Joe Palca 2010 i
Doby Photography/NPR
Joe Palca 2010
Doby Photography/NPR

Joe Palca

Correspondent, Science Desk

Joe Palca is a science correspondent for NPR. Since joining NPR in 1992, Palca has covered a range of science topics — everything from biomedical research to astronomy. He is currently focused on the eponymous series, "Joe's Big Idea." Stories in the series explore the minds and motivations of scientists and inventors.

Palca began his journalism career in television in 1982, working as a health producer for the CBS affiliate in Washington, DC. In 1986, he left television for a seven-year stint as a print journalist, first as the Washington news editor for Nature, and then as a senior correspondent forScience Magazine.

In October 2009, Palca took a six-month leave from NPR to become science writer in residence at the Huntington Library and The Huntington Library, Art Collections, and Botanical Gardens.

Palca has won numerous awards, including the National Academies Communications Award, the Science-in-Society Award of the National Association of Science Writers, the American Chemical Society James T. Grady-James H. Stack Award for Interpreting Chemistry for the Public, the American Association for the Advancement of Science Journalism Prize, and the Victor Cohn Prize for Excellence in Medical Writing.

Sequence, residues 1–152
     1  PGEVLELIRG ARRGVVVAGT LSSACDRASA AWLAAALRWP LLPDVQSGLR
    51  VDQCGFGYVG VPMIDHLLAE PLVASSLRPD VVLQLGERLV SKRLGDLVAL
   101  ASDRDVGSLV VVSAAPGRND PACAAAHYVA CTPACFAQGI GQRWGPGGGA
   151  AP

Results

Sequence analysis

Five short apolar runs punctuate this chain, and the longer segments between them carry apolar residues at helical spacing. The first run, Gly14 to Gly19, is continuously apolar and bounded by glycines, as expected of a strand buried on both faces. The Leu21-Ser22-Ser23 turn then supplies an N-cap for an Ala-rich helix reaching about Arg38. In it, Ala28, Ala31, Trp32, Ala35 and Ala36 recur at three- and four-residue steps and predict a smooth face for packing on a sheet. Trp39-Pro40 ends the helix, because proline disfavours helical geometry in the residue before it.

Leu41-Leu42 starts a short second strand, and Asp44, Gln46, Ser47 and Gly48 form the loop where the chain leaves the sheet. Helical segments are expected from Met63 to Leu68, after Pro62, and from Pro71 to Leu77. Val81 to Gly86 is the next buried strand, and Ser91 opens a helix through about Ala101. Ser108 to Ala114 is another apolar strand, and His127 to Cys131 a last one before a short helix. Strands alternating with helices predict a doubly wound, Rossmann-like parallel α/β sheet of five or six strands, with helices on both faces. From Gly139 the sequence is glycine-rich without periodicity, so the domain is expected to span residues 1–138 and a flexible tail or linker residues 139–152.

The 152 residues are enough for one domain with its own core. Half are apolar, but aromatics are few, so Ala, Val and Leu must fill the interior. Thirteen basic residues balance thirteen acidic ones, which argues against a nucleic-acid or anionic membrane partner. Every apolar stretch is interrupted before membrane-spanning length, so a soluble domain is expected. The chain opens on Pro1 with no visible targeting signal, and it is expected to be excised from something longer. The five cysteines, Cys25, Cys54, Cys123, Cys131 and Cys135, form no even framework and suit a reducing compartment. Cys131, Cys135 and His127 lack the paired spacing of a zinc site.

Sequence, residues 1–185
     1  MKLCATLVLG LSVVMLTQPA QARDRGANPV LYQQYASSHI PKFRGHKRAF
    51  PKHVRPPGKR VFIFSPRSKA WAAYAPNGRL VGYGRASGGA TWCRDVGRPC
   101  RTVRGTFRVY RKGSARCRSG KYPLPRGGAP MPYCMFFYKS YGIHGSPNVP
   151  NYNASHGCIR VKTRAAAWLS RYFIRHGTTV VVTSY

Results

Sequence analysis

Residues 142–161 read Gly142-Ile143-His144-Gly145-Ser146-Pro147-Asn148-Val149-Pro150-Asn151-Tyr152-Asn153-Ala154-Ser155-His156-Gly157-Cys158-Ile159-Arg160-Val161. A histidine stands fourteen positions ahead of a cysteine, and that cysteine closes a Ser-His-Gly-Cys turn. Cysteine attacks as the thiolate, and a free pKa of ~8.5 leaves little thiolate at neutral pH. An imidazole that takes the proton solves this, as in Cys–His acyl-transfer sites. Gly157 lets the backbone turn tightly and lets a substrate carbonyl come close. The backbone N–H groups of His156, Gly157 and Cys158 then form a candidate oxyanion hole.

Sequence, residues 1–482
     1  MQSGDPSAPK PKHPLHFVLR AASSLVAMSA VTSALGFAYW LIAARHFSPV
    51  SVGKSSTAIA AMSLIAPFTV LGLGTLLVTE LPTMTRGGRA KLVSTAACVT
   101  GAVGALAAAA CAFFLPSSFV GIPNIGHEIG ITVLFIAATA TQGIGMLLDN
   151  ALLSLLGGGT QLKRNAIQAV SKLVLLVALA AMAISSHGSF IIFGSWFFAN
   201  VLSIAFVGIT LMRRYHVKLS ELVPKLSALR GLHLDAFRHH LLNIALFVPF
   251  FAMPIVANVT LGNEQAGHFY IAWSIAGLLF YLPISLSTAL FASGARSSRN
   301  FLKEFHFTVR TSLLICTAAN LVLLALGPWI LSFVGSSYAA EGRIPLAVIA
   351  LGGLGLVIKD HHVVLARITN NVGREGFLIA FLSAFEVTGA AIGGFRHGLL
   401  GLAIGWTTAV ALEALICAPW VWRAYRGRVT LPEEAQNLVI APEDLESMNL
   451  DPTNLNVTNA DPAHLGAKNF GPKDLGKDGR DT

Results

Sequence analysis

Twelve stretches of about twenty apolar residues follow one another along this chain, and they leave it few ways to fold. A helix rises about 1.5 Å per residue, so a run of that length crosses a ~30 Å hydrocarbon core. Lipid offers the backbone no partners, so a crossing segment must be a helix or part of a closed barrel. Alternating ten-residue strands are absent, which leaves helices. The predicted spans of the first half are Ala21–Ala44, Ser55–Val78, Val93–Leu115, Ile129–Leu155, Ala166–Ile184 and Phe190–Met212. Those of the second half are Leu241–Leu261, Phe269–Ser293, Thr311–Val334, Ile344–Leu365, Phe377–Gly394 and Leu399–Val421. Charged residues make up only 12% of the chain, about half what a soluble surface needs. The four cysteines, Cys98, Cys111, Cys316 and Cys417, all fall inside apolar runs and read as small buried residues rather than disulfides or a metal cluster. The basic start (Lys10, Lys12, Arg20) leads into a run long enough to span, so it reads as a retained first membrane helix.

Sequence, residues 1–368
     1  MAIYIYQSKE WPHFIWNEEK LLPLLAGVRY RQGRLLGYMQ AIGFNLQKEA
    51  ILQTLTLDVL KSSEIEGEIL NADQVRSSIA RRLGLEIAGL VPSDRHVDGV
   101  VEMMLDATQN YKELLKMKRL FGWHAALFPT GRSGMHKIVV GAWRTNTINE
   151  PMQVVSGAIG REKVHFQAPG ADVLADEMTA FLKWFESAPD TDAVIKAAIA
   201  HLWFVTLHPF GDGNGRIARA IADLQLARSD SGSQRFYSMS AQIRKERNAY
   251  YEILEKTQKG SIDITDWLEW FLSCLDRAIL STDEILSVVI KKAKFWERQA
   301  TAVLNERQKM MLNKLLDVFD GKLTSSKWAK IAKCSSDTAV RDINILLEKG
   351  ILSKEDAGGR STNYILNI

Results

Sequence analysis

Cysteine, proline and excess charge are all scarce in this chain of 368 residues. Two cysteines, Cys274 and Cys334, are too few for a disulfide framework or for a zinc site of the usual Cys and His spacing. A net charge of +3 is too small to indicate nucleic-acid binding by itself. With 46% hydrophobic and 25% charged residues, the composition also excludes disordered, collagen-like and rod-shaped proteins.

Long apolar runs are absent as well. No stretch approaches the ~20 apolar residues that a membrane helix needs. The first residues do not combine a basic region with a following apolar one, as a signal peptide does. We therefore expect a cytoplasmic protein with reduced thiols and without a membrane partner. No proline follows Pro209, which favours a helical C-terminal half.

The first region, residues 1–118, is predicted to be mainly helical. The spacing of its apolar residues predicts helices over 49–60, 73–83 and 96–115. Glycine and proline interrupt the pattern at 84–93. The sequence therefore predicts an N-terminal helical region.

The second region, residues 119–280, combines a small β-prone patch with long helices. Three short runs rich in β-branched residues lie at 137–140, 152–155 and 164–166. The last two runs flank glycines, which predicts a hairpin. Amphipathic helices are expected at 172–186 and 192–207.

With Flora Lichtman, Palca is the co-author of Annoying: The Science of What Bugs Us (Wiley, 2011).

He comes to journalism from a science background, having received a Ph.D. in psychology from the University of California at Santa Cruz where he worked on human sleep physiology.

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An illustration shows what a helicopter drone would look like on the surface of Mars. NASA/JPL-Caltech hide caption

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Researchers at Brown University's computer science department are studying whether a robot called Baxter can be taught to pick up different objects. Joe Palca/NPR hide caption

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Kroto displays a model of his discovery in 1996: a soccer ball-shape carbon molecule that spawned a new field of study and could act as a tiny cage to transport other chemicals. Michael Scates/AP hide caption

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Mike Lester, CEO of Taxi 2000, sits in the SkyWeb Express in the company's warehouse in Fridley, Minn. The company has been working on SkyWeb Express system, a point-to-point personal rapid transit system. Ackerman + Gruber for NPR hide caption

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A thermoelectric PowerCard like this one can be used to convert waste heat into an electric power source, Alphabet Energy says. Alphabet Energy hide caption

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Can people tell a computer-generated story from a human-authored one? How about a poem, or a playlist? Three new contests hope to find out. ImageZoo/Corbis hide caption

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The sea snail Conus magus looks harmless enough, but it packs a venomous punch that lets it paralyze and eat fish. A peptide modeled on the venom is a powerful painkiller, though sneaking it past the blood-brain barrier has proved hard. Courtesy of Jeanette Johnson and Scott Johnson hide caption

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